The Favorites is a series briefly exploring films I love, to find out what makes them - and me - tick. Mulholland Drive (2001/USA/dir. David Lynch) appeared at #20 on my original list.
What it is • So many elements reel us into the first few minutes of Mulholland Drive. A strange, colorful jitterbug swims into view, pop Americana and surreal avant-garde colliding as figures cascade inside one another and repeat across the screen. Then a point of view shot, with heavy breathing on the soundtrack, descends onto a pillow and disappears into darkness. Angelo Badalamenti's instantly evocative score emerges, its synthesized majesty provoking mixed responses so suited to a film about the magic and deception of the film industry: glamor, tragedy, artificiality, deep emotion. The drama begins with a likely murder attempt thwarted by a violent car crash. We meet the potential victim (Laura Elena Harring) whose amnesiac confusion reflects our own: who is she, how did she get here, what does it all mean?? Mulholland Drive is a gripping, carefully-told narrative for all its experimentation. That's what frustrates so many viewers while engrossing others - we are primed to expect answers but we aren't ready for the way they are presented. This desire only escalates as the main plot begins: bright-eyed ingenue Betty (Naomi Watts), an aspiring actress newly arrived in Hollywood, discovers that "Rita" (as the amnesiac names herself) has wandered into her absent aunt's apartment. She vows to unravel the mystery of this beautiful stranger. As the film proceeds, it introduces a separate storyline that seems connected in some subterranean way: a shadowy cabal prevents a film director (Justin Theroux) from executing his desired creative decisions in increasingly baroque, ominous fashion. Meanwhile there are cutaways to other events. A hitman (Mark Pellegrino) goes on a darkly comic killing spree, quite likely stemming from that early aborted assassination. There's even a one-off scene with two men in a diner (Patrick Fischler and Michael Cooke), where one of them describes a terrifying nightmare about a "man behind this place...he's the one doing all these things." The scene ends in one of the most viscerally terrifying moments in cinema history. As we travel between characters and locations, we are given a grand, romantic tour of Los Angeles: the shiny airports, the rundown bungalows, the hidden nightclubs charged with occult energy, auditions in small corner offices and bustling soundstages alike, meetings in cold corporate office buildings and abandoned cowboy ranches with blinking overhead lamps. The spirit of this journey is summoned in a single montage as a series of sinister men, most of whose faces we can't see, call one another - a story of the city's highs and lows expressed in telephones, suggesting that all these levels of reality are interconnected. Where are all these threads taking us? Seemingly patterned along the lines of Grand Canyon or any given Robert Altman film (perhaps Short Cuts if we want to stick with the L.A. theme), Mulholland Drive owes its multiple strands to another source - it began life as a TV pilot for ABC. Like many viewers, I didn't know this when I watched, and the setup seemed perfectly natural. Then the blue box opens...and everything changes.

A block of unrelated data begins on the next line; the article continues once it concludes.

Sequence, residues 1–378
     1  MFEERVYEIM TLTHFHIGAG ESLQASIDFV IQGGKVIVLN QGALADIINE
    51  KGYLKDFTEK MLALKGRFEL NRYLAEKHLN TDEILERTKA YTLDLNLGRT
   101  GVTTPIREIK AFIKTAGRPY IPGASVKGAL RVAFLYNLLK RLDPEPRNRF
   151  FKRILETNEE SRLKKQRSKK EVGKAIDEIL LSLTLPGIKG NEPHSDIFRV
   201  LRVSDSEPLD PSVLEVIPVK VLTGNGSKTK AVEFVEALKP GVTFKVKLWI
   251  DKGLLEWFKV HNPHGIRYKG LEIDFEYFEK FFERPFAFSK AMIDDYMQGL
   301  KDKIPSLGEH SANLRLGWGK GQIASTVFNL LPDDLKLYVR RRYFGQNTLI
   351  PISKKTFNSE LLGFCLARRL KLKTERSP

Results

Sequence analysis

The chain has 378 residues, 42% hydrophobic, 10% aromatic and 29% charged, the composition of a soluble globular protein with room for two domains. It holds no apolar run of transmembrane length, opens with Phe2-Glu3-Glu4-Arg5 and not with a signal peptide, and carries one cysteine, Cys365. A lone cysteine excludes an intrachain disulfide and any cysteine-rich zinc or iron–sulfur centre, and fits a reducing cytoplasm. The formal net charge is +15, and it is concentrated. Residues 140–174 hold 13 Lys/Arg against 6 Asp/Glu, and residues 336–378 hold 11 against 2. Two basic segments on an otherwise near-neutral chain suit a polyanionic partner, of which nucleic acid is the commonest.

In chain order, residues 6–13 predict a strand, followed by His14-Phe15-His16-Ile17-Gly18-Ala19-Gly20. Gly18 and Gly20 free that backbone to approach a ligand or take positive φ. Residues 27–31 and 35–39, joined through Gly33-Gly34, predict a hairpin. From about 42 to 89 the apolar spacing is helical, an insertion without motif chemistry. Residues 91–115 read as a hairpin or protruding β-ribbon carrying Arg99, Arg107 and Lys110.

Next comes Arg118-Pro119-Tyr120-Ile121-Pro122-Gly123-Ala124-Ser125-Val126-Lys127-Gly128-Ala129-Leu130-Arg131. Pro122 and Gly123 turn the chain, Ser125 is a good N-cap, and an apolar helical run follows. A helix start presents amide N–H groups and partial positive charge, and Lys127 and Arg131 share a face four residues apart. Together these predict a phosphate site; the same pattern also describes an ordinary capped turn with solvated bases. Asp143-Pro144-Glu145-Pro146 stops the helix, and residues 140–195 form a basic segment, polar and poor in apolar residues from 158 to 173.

Why I like it •